The truth about paying for food couriers

Henry Dean works for Deliveroo in addition to his full-time apprenticeship

A rise in the popularity of app-based food delivery businesses has led to an increasingly competitive food courier workforce, according to a new BBC documentary.

Life in the Fast-Food Lane follows three food couriers as they embark on delivery teams in Liverpool, Manchester and Sheffield.

Food couriers are generally self-employed, which means they are only paid for the deliveries they make and do not receive a guaranteed hourly wage.

Henry Dean, 23, works full time as an apprentice in Liverpool but also delivers food on his bike for Deliveroo in the evenings.

He said: “Deliveroo is something I do on a weekend to supplement the income I get from work, which as an apprentice is quite a low pay. I tend to use it [the Deliveroo income] for grocery shopping.

In the business, Mr Dean is self-employed and can earn several pounds for every delivery he makes, with longer trips earning him more.

During filming, Henry was on duty for two and a half hours and delivered four orders.

He earned £18 at that time, equivalent to £7.20 an hour, below the UK national living wage of £9.50 an hour.

His first order of the night took him 25 minutes and brought him £3.42, the smallest amount he had received all evening.

Another delivery later paid £6.96, his highest charge of the night, and also took 25 minutes.

A Deliveroo courier

Deliveroo said its aim was to work with enough riders to deliver the expected number of orders

Despite the potential to earn higher fees for orders, Mr. Dean earns nothing by waiting between deliveries.

“You’re going to be waiting like an hour, two hours and nothing. You want to be there delivering orders and you’re not able to – it gets a little frustrating,” he explained.

In a statement, Deliveroo said it had recently announced a “voluntary partnership agreement” with GMB Union which makes it clear that riders are guaranteed to earn at least the national living wage plus costs when placing an order.

They added: “Our goal is to work with enough runners to be able to deliver the expected number of orders while ensuring we don’t have too many runners in one area, so runners retain revenue. attractive.”

Bassam Qaid

Bassam Qaid said rising fuel prices had a ripple effect

Bassam Qaid, 44, a father-of-two from Sheffield, also works as a self-employed food delivery driver. He works for the delivery company Stuart, subcontractor of Just Eat.

He works full time and since his early days in the industry he has noticed how excessive his hours are.

“I work seven days now, sometimes I work 70 hours,” Mr Qaid said.

During filming, he earned £65.85 in eight and a half hours. His earnings, equivalent to £7.75 an hour, were therefore also part of the National Living Wage.

The cost of living crisis is also having a big impact on couriers and the recent rise in fuel costs means that Mr Qaid spends around a fifth of his average income on fuel alone.

“Before, you could fill the tank twice a week with £80. Fuel for each week is now between £125 and £120,” he said.

In a statement, Stuart said their wages exceeded the National Living Wage for the time couriers spend on a delivery, adding: “Stuart is committed to paying the equivalent of the National Living Wage for couriers while they are working. actively on the platform.”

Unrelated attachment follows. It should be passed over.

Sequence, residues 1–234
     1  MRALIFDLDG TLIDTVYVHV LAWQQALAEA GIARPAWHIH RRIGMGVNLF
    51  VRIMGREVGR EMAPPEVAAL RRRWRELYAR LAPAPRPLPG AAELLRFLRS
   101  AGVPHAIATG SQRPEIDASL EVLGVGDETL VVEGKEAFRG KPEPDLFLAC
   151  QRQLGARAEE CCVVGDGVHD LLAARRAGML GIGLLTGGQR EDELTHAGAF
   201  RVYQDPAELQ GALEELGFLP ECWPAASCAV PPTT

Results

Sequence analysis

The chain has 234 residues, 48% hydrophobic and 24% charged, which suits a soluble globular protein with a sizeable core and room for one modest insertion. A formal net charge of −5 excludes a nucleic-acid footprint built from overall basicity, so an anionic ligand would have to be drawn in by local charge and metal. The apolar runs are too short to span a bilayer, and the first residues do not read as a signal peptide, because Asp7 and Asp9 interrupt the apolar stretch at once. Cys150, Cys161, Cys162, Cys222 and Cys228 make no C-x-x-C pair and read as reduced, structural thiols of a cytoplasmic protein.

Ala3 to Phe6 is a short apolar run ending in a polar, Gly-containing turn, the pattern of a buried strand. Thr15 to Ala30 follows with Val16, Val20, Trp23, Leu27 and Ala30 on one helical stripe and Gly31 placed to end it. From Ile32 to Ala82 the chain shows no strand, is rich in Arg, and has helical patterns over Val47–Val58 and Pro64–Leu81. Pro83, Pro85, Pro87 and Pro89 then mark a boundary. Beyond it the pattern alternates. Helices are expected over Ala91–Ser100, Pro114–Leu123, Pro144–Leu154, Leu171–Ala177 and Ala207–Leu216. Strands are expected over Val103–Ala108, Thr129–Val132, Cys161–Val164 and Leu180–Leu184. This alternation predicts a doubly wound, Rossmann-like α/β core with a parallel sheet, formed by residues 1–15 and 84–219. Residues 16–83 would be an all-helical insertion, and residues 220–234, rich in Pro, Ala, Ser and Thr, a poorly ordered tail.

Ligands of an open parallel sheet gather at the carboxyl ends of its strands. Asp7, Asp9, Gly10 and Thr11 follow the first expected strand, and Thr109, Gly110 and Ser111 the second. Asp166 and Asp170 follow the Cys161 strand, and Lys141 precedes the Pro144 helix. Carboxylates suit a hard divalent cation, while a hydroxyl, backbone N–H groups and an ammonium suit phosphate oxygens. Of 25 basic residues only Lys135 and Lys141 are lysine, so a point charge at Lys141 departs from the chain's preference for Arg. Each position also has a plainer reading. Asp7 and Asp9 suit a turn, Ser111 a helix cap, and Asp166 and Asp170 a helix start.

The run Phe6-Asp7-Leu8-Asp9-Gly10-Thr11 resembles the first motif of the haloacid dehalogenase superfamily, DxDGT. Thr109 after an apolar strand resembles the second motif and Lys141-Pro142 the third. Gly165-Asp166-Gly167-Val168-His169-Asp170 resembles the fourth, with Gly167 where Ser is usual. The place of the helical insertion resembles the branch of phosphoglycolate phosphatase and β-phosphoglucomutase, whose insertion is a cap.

The Independent Workers Union of Great Britain (IWGB) said during the cost of living crisis that ‘courier companies continue to overhire workers while paying very low fees’.

IWGB President Alex Marshall said: “Most companies don’t pay anything for the time couriers spend waiting for a job.”

He added that labor “often struggles to earn minimum wage in real terms.”

However, some delivery companies are trying to disrupt the industry and provide more security for couriers.

Viktória on his bike for his evening service

Viktória Klimentová said her contract with Foodstuff gave her a bit more security

Viktória Klimentová, 28, is a Manchester-based food courier employed by food delivery platform Foodstuff.

She works casually in addition to her full-time day job and is paid £10 an hour regardless of how many deliveries she makes per shift.

“We get paid whether we deliver or not. So if it’s a quiet night, we still get paid, which is good for us,” she said.

When the BBC’s We Are England crew filmed Ms Klimentová she earned around £25 and that security of earning a guaranteed wage through food courier was one she would like to see replicated elsewhere.

She said: “It would be nice if all the food couriers had a contract – [it] gives them a bit more stability and security.”

In a statement to the BBC, the Department for Business, Energy and Industrial Strategy said: “The government has a strong track record of protecting and strengthening workers’ rights across the UK.

“We are committed to building a high-skilled, high-productivity, high-wage economy that delivers on our ambition to make the UK the best place in the world to work. This includes ensuring that workers’ rights are strongly protected by promoting a dynamic and flexible labor market.”

Life in the Fast Food Lane airs 28 October at 7.30pm BST on BBC One and will then be available on BBC iPlayer

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Michael A. Bynum